Be ready to start your allergy medication as soon as your symptoms begin.
Go through your medicine cabinet, check packaging and labels, and toss anything past its expiration date. Be sure you’re using an allergy treatment that targets your symptoms, too, for effective relief. For example, many allergy pills don’t combat nasal congestion*, whereas FLONASE nasal sprays are designed to relieve the worst allergy symptoms, including nasal congestion – as well as sneezing, itchy, watery eyes** and runny nose.
*Single-ingredient antihistamines do not treat nasal congestion.
**Flonase sensimist is indicated for itchy, watery eyes in adults and children 12 years of age and older.
3. START WATCHING LOCAL POLLEN REPORTS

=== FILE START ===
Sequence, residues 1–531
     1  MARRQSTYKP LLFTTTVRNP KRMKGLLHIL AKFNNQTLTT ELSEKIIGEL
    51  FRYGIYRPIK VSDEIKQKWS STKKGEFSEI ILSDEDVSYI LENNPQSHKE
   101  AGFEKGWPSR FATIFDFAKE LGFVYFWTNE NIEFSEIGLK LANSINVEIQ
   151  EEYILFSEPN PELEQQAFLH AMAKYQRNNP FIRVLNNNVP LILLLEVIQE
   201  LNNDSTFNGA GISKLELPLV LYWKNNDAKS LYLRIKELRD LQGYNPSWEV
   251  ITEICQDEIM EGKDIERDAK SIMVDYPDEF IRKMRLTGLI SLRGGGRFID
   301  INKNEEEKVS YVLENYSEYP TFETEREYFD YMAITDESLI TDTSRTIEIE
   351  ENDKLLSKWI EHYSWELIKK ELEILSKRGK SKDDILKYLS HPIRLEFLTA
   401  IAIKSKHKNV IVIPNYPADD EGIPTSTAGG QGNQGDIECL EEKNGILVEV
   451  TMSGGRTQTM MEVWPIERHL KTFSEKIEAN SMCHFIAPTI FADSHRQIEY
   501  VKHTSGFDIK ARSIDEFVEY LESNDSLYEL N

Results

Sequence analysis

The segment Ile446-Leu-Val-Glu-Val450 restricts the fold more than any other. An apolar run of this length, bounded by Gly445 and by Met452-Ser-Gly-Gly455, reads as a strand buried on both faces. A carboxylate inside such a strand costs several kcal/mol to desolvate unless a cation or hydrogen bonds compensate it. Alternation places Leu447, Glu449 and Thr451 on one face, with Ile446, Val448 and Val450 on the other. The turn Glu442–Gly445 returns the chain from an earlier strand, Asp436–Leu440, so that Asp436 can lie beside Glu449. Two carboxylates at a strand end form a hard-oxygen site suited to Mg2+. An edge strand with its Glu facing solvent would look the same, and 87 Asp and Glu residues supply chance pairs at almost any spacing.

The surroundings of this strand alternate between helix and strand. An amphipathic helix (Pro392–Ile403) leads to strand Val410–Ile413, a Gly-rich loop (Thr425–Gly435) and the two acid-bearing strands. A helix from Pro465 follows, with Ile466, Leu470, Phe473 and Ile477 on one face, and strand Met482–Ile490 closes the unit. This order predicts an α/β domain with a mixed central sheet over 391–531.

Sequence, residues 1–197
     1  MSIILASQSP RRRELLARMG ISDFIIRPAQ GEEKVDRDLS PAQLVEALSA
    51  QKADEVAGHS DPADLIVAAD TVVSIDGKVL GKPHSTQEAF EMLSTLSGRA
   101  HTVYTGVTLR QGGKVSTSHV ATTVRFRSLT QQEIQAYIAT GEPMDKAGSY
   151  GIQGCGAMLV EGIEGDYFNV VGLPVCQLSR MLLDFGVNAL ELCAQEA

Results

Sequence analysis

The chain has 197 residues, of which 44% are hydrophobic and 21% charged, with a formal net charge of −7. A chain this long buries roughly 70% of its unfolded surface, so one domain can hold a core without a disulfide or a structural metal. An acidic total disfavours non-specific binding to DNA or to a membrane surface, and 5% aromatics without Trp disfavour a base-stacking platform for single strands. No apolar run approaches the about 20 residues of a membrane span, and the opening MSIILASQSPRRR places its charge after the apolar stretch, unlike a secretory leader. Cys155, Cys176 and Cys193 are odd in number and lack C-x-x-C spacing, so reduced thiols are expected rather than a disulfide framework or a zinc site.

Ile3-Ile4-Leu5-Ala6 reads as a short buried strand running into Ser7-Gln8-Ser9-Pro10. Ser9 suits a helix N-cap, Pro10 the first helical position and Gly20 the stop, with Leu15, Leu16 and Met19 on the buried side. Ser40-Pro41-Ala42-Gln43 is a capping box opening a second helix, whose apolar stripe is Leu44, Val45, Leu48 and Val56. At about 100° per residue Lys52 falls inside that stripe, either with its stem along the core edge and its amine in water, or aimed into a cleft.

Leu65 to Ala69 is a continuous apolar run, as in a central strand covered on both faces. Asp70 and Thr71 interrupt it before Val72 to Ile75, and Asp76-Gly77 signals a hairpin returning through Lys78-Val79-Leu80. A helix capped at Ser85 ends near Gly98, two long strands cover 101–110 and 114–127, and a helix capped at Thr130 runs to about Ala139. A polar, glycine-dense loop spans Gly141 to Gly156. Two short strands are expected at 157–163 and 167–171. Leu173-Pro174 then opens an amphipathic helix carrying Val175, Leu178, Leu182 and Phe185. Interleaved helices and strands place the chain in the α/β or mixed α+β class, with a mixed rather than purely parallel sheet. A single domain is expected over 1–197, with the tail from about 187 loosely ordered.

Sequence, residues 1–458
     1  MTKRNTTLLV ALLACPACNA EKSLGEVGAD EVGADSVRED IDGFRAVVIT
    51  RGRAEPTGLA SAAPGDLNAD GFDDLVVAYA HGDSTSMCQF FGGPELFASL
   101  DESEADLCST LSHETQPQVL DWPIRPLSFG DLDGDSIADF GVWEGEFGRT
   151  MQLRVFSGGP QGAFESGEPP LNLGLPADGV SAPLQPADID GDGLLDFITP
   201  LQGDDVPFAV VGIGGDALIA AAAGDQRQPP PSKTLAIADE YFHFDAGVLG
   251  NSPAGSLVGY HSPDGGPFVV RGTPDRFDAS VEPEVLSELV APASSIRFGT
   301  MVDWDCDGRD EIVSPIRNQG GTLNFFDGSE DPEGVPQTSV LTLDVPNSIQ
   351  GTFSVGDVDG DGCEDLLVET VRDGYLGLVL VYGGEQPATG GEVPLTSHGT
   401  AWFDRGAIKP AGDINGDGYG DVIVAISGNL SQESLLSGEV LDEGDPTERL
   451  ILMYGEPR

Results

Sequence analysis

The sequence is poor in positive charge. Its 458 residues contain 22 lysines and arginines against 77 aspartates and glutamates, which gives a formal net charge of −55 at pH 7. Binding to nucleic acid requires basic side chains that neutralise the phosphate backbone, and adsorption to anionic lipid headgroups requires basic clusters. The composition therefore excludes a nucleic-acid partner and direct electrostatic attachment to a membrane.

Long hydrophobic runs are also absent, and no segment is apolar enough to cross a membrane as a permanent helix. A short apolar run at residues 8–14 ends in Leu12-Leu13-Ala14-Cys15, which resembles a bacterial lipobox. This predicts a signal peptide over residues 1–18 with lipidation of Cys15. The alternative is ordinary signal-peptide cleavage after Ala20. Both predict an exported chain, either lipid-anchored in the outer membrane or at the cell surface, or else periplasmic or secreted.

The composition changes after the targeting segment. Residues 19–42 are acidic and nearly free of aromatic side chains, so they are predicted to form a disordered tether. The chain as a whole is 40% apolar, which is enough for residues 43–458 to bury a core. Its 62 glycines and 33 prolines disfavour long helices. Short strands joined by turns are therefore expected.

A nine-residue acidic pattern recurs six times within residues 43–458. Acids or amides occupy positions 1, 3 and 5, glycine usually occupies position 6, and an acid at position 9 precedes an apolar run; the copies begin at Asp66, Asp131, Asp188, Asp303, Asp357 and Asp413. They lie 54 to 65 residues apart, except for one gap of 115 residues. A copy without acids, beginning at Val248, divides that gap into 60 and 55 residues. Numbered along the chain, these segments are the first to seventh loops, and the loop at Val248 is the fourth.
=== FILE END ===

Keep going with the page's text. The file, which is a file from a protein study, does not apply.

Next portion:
Keep an eye on local pollen counts1, so you’ll know exactly when allergy season kicks off in your area. You can also monitor which days will have higher pollen levels and schedule indoor activities for then.
It’s also worth checking the weather forecast – dry, windy days usually have higher pollen counts, whereas rain tends to clear pollen from the air.2
4. REDUCE YOUR EXPOSURE TO POLLEN
Plan to keep windows and doors shut on days with high pollen counts and avoid hanging laundry outside to dry.3 If you suffer from summer allergies, make sure your air conditioning unit is fitted with a high-efficiency particulate air (HEPA) filter to help trap allergens from the air.4